It’s 3.25am and I’ve woken up soaking wet. Have I wet myself? No, surely I have more control than that (even if I am eight months pregnant). It’s hot. Am I just really sweaty? I don’t think so. I get up and go to the toilet, but it doesn’t stop. I call out…”Daf, I can’t stop weeing”. Minutes later we are on our phones googling “how do you know if your waters have broken”? And, the rest is history. Or is it? What would I have done if it wasn’t for those wonderful midwives who answered the phone and suggested I came into the hospital to be checked over, who encouraged me all the way, telling me what to do and ensuring Poppi and I were safe? What would I have done if I hadn’t had that aftercare when I was stuck in the hospital for what felt like days on end? What would I have done when I was struggling so much to feed and there was no midwife to support and reassure me? The answer is, I don’t know, but I didn’t have to. The 7th of May is National Midwives Day. These amazing people deserve our recognition.
Today I have had the fantastic privilege of interviewing one of these determined and brilliant people…
Did you always want to be a midwife?
I always thought I wanted to be a nurse, but after starting my nursing I quickly realized that nursing was a very difficult profession with a lot of sadness. To be an excellent nurse you had to be a nicer more patient person than me! So I looked into midwifery from aged 18.
Did you have any other dreams when you were younger?
I wanted to own a sweet shop!! And then thought the police sounded like a ‘fun’ profession but my ex-Cop parents put me off that.
How long have you been a midwife?
I’ve been qualified 9 years this month.
What is the best part of being a midwife?
You’re asking a midwife who loves her job. I could write you a list. My most favourite part is seeing women becoming mummies and seeing children become siblings! My favourite moment (and one I try to subtly watch) is seeing a young toddler come and meet the new sibling for the first time…
Other awesome bits include: Working in the community, I love getting to know women over the whole pregnancy process. I love pottering around people’s houses and meeting women from all walks of life who will become wonderful mummies. In one morning I could go to a family who has very little financial provision, perhaps very limited English and no resources (sometimes even no baby equipment) to families who live in houses where their utility room is bigger than the whole of my downstairs. All these families, however, are wonderful, the women are amazing (they really are) and are overcoming challenges to become amazing mothers, sharing their difficulties in feeding and sleeping, regardless of their backgrounds. I love connecting with women in such a remarkable moment in their life. It’s a real privilege. I love my team, we work so well together and support each other to provide the best care we can.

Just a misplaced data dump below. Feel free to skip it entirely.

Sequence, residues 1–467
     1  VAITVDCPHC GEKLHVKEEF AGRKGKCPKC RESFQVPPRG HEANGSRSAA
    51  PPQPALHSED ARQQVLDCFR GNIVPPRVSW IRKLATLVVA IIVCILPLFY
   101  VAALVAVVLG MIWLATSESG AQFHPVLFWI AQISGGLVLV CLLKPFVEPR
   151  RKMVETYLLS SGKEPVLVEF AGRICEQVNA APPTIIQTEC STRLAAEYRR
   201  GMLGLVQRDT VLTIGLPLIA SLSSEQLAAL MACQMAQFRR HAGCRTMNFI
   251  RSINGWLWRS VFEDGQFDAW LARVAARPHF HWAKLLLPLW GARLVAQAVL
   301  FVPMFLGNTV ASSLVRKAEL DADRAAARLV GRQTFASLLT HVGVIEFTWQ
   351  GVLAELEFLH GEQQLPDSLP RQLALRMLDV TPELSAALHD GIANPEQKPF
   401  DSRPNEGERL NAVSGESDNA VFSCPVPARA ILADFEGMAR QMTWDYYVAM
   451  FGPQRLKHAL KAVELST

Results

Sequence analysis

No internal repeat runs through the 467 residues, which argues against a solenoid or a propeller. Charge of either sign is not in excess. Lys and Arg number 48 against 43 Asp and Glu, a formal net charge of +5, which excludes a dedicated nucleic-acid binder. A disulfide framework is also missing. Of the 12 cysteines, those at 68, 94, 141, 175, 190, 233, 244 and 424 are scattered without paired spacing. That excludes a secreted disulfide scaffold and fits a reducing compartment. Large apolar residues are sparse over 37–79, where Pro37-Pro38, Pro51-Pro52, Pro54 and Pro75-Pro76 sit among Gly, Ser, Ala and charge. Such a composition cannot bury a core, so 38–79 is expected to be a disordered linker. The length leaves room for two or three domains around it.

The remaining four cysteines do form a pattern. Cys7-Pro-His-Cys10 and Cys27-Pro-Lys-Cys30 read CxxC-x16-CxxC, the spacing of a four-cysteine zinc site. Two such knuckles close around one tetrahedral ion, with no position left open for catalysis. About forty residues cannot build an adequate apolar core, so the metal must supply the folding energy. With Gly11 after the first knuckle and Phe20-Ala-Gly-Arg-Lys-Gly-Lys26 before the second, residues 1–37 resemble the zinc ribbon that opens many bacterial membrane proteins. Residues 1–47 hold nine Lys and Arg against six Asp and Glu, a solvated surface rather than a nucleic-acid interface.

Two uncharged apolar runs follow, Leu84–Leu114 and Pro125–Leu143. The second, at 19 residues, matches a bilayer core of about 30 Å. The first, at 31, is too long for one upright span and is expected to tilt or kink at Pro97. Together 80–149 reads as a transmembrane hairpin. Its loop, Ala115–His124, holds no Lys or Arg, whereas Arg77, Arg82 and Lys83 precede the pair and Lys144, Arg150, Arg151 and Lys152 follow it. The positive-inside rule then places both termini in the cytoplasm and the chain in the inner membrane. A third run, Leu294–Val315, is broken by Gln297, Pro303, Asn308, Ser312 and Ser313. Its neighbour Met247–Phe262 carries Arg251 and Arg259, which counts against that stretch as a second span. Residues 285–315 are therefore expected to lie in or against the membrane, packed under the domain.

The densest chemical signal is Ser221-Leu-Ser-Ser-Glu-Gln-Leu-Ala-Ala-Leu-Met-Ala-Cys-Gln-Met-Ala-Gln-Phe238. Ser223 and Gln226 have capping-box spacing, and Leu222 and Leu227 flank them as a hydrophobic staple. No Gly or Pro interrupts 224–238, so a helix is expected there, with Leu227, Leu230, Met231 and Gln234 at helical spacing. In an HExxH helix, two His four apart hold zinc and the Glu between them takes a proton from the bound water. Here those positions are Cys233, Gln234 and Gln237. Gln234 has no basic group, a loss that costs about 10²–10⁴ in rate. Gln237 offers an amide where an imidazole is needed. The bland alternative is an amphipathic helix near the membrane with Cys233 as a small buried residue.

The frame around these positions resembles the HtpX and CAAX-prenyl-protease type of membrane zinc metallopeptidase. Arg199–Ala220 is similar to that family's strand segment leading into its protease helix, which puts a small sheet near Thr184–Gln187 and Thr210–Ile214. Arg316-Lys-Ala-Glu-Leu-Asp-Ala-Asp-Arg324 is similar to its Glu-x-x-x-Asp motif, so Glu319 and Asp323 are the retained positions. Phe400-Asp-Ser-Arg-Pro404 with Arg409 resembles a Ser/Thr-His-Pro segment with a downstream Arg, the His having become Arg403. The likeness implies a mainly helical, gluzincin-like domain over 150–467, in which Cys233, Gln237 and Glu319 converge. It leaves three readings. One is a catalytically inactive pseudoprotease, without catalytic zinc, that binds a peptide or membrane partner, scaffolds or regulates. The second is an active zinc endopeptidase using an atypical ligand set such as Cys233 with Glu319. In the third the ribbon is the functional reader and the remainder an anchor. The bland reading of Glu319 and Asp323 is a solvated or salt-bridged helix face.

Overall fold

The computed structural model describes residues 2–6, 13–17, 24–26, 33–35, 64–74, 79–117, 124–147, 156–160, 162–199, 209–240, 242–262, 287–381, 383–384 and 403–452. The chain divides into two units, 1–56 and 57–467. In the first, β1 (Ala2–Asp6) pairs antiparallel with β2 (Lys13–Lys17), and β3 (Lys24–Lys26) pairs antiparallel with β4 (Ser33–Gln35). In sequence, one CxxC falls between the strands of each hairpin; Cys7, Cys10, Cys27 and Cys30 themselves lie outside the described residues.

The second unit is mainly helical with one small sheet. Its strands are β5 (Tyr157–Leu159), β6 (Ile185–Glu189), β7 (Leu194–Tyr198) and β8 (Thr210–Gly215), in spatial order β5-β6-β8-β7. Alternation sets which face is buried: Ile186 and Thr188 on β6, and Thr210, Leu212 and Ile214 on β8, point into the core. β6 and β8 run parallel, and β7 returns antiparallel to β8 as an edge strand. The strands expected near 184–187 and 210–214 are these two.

What are the biggest challenges?
Clinically – high risks, women with health problems such as diabetes and cardiac issues who perhaps many years ago were discouraged from having babies. It’s lovely that we can support so many women in becoming mummies and we have the challenge of providing good care to high-risk women. Risks of sepsis seem to be on the incline and our use of antibiotics. Promoting health such as encouraging exercise and a good diet has become a bigger drive amongst midwifery (NB: I didn’t prompt that part of the answer!!).
Other challenges include the obvious difficulty of providing excellent care when we are so often short staffed! The worries of our decision making and the effect it has on women and their families; the worries we may have missed a safeguarding issue and the fear of litigation!
What are the biggest misconceptions people have about midwives?
That it’s about cuddling babies?! We hardly get to do that, and enjoy it when we can!
That we spend a lot of time having a cuppa and chatting…I wish! We don’t get time!
I think sometimes people think midwives are assistants to care and doctors tell us what to do?! I wonder if it’s the other way round?!
Keeping everything anonymous, can you describe your most heart-warming moment as a midwife?
I remember seeing a mum’s reaction to having her baby arrive to be with her after being on the neonatal unit for a quite few days. Another was helping a woman feed her baby without it hurting her for the first ever time. The hope and joy on her face!
Did it change your perspective after having your own children? How?
Yes, it did! It mostly helped me to help woman postnatally, giving me more empathy with the frustrations of the early days. Everyone has different labor experiences, but I could definitely sympathize with the pain of a section wound and the emotions around labor that haven’t gone to plan. But, more importantly, my training and research guide my advice and care for all women and that is the same regardless of one’s own experiences.
If you weren’t a midwife, what do you think you’d be up to now?
Ooh, I really don’t know!! Barrister?! Property developer?!! I once met a woman whose job it was to buy clothes and research the latest fashion designs. She was off to Madrid to get ideas for the next season and buy the best clothes she could to inspire their designs. That sounds like a great job!
What is your favourite hospital drama of all time?!
I do love Call the Midwife, although it’s so quaint and dreamy, a world that is so far behind our midwifery world. Learning the history of things we now consider standard, is so interesting.
What advice would you give anyone thinking they might like to train as a midwife?
Research it properly, meet up with midwives and read literature about midwifery. It’s probably not quite what you think and to start with it will be hard! The training is full on and a little thicker skin may be required, so be prepared.
A massive thank you to this inspiring midwife and beautiful friend.